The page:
Replacing Human Input in Spam Email Detection Using Deep Learning

Document Type

Book Chapter

Source of Publication

Lecture Notes in Computer Science

Publication Date



The Covid-19 pandemic has been a driving force for a substantial increase in online activity and transactions across the globe. As a consequence, cyber-attacks, particularly those leveraging email as the preferred attack vector, have also increased exponentially since Q1 2020. Despite this, email remains a popular communication tool. Previously, in an effort to reduce the amount of spam entering a users inbox, many email providers started to incorporate spam filters into their products. However, many commercial spam filters rely on a human to train the filter, leaving a margin of risk if sufficient training has not occurred. In addition, knowing this, hackers employ more targeted and nuanced obfuscation methods to bypass in-built spam filters. In response to this continued problem, there is a growing body of research on the use of machine learning techniques for spam filtering. In many cases, detection results have shown great promise, but often still rely on human input to classify training datasets. In this study, we explore specifically the use of deep learning as a method of reducing human input required for spam detection. First, we evaluate the efficacy of popular spam detection methods/tools/techniques (freeware). Next, we narrow down machine learning techniques to select the appropriate method for our dataset. This was then compared with the accuracy of freeware spam detection tools to present our results. Our results showed that our deep learning model, based on simple word embedding and global max pooling (SWEM-max) had higher accuracy (98.41%) than both Thunderbird (95%) and Mailwasher (92%) which are based on Bayesian spam filtering. Finally, we postulate whether this improvement is enough to accept the removal of human input in spam email detection.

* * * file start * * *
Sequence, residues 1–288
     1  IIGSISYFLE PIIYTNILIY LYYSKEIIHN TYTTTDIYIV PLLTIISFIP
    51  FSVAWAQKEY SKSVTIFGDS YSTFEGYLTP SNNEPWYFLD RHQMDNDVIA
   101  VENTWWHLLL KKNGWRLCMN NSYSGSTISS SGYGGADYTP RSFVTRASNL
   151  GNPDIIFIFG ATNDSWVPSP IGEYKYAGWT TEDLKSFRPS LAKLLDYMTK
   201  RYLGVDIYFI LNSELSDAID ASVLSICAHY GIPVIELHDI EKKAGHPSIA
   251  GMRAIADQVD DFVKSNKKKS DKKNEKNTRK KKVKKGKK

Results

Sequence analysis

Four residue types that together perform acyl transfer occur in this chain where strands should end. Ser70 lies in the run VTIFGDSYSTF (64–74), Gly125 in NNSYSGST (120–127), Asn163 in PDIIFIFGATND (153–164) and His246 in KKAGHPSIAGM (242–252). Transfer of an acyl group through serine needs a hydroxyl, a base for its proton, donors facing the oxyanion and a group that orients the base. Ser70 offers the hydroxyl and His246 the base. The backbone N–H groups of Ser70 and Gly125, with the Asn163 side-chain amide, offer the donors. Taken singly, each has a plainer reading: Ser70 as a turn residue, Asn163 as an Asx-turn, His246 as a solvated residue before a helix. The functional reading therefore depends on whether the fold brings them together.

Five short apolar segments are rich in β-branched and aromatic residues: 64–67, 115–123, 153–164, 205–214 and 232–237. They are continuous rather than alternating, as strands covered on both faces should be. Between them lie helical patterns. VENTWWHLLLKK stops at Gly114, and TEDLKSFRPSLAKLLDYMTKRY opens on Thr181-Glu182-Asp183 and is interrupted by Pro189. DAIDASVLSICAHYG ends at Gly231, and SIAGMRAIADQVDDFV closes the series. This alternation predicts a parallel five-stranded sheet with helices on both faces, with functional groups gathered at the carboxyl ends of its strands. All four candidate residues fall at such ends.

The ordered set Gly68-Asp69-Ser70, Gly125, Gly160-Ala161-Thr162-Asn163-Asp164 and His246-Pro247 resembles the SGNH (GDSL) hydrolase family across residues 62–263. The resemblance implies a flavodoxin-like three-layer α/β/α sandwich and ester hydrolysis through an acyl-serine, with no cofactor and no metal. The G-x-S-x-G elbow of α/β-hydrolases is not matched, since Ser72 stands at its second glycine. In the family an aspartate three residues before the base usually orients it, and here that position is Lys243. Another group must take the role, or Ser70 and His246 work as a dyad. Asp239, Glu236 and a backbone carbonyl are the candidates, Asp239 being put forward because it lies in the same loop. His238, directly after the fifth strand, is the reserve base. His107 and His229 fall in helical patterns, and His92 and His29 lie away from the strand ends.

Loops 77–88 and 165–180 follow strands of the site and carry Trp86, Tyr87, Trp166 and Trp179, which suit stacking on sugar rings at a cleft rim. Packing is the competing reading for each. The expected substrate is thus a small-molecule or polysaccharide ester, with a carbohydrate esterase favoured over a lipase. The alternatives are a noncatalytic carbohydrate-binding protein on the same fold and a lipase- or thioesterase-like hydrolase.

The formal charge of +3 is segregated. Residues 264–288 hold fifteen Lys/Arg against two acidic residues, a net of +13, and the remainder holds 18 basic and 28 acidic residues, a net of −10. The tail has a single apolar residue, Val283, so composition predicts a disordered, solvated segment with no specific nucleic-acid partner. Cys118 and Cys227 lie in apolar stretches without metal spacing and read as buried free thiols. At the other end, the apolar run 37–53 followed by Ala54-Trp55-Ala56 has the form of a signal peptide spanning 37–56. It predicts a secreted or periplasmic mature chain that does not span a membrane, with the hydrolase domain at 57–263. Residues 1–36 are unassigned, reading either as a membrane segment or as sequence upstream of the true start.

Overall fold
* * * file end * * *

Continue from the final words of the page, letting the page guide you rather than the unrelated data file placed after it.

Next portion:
Springer International Publishing



First Page


Last Page



Computer Sciences


Spam detection, Phishing emails, Simple word embedding, Global max pooling, Deep learning

Scopus ID


Indexed in Scopus


Open Access